At the time, then-United States president Barack Obama chided prime minister Malcolm Turnbull for not giving the Americans a heads up about the deal.

Turnbull added insult to injury by suggesting the president should subscribe to the NT’ News, where it was reported.

Although the federal government had no formal part in the lease at the time, the NT government sought federal advice. The defence department, ASIO and others in the national security establishment were not fazed by it. Neither was the national security committee of the Coalition cabinet.

The defence department secretary at the time, Dennis Richardson, and Duncan Lewis, who headed ASIO, both defended the arrangement when questioned by a senate committee.

Nevertheless, the deal had many critics and subsequently the federal government acted to ensure that in future such proposals would go before the Foreign Investment Review Board.

Fast forward to the present, and this week the new and hairy-chested defence minister Peter Dutton told the Sydney Morning Herald cabinet’s national security committee had asked his department to review the lease and “come back with some advice”. The work was already under way, Dutton said.

Last week Morrison had flagged the move, saying if the government received any advice from the defence department or intelligence agencies suggesting “there are national security risks there then you’d expect the government to take action”.

The Port of Darwin came into the frame after Foreign Minister Marise Payne cancelled two Victorian government agreements with China that were under that country’s Belt and Road Initiative.



Read more:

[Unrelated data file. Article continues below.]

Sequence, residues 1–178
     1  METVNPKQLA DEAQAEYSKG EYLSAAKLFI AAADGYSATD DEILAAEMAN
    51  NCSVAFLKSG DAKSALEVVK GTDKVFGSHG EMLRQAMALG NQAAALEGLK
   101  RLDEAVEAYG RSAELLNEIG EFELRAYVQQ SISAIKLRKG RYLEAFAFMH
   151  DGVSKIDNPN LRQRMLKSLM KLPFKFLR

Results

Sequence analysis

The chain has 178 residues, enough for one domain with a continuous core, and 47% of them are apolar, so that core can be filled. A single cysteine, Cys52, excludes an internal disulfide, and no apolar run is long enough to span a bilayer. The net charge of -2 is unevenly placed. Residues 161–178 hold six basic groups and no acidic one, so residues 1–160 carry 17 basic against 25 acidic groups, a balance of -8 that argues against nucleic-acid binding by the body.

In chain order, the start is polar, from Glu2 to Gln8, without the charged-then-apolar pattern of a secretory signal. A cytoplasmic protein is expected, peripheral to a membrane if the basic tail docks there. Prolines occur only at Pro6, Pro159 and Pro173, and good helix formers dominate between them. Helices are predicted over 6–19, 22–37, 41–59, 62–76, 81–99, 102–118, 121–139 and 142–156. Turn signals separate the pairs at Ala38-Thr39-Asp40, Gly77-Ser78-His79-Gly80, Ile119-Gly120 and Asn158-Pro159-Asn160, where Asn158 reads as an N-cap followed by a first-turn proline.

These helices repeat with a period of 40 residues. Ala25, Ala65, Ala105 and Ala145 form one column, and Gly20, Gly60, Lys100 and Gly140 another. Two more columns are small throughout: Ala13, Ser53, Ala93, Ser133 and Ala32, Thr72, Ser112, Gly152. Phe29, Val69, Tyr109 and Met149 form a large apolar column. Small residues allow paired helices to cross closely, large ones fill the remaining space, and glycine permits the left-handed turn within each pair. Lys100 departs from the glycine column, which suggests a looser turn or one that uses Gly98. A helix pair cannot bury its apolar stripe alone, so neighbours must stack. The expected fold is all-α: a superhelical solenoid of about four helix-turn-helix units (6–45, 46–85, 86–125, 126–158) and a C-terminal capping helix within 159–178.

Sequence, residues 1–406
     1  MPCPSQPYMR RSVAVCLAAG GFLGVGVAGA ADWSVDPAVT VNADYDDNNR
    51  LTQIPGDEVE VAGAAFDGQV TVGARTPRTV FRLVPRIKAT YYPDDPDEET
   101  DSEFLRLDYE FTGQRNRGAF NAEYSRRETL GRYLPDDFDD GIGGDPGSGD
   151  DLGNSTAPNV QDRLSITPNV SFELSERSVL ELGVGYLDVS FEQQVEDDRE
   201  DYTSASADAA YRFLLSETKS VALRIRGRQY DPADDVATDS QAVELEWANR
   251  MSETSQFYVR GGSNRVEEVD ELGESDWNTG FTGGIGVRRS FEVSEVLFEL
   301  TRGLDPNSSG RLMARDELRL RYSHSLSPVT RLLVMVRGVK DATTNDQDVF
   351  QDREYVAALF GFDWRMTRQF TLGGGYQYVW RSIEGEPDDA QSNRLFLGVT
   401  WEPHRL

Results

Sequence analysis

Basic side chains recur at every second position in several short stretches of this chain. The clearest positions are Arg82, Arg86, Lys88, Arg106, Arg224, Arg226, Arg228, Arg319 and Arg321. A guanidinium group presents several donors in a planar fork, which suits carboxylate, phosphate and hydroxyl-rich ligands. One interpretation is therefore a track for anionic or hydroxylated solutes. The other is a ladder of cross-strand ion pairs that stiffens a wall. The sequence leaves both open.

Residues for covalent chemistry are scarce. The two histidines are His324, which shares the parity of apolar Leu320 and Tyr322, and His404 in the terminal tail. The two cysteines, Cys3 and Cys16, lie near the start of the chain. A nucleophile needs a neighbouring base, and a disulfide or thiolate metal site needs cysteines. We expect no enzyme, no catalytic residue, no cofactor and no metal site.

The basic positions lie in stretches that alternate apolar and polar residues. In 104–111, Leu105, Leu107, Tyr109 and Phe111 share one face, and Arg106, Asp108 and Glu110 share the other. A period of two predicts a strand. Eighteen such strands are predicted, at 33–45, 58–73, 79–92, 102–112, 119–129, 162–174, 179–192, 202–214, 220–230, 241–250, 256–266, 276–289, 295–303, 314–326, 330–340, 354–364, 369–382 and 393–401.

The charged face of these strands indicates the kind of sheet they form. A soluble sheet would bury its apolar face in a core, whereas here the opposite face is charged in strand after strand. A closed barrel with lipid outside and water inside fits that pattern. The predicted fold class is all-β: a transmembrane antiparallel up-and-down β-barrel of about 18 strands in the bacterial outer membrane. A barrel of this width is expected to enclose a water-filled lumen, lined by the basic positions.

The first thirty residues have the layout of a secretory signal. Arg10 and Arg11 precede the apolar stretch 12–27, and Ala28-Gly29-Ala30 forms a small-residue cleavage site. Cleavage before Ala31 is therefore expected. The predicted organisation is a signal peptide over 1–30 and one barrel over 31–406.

Why scrap Victoria’s ‘meaningless’ Belt and Road deal? Because it sends a powerful message to Beijing

She was implementing the recent legislation for the examination of agreements state and territory governments and public universities have (or propose) with foreign governments.

The Port of Darwin lease, being with a commercial company, does not fall within that legislation, but the segue to discussion of its future was inevitable.

Despite its defenders at the time, it is clear the deal should never have been concluded. But it is less clear what should be done about it now.

The increasing assertive and aggressive stands by China seem to argue for the lease to be broken.

While the lease is only over the commercial port, the Chinese presence sits somewhat uneasily with the growing US military footprint in northern Australia.

Peter Jennings, executive director of the Australian Strategic Policy Institute (ASPI) think tank, says: “I do think this is probably the moment that the government needs to step in”. He believes the government should buy out the lease and then sell it to a less problematic owner.

If the judgement is that a time of reckoning will come in relation to the port, a case can be put for not delaying that time.

On the other hand, does the government want to make the present difficult relationship with China significantly worse?

Overturning a major commercial deal is a big step (much bigger than killing the Victorian BRI agreements) and the government would have to give substantial reasons. The action would cause offence to China and probably invite more trade retaliation.

The decision would turn the focus onto other Chinese investments in Australian infrastructure, including the 50% stake in the Port of Newcastle, and stakes in the power grid.

It would be taken as implying a more general signal about Australia’s attitude to Chinese investment and perhaps about investment from some other countries.

Managing both the diplomatic and foreign investment messages would be tricky, to say the least.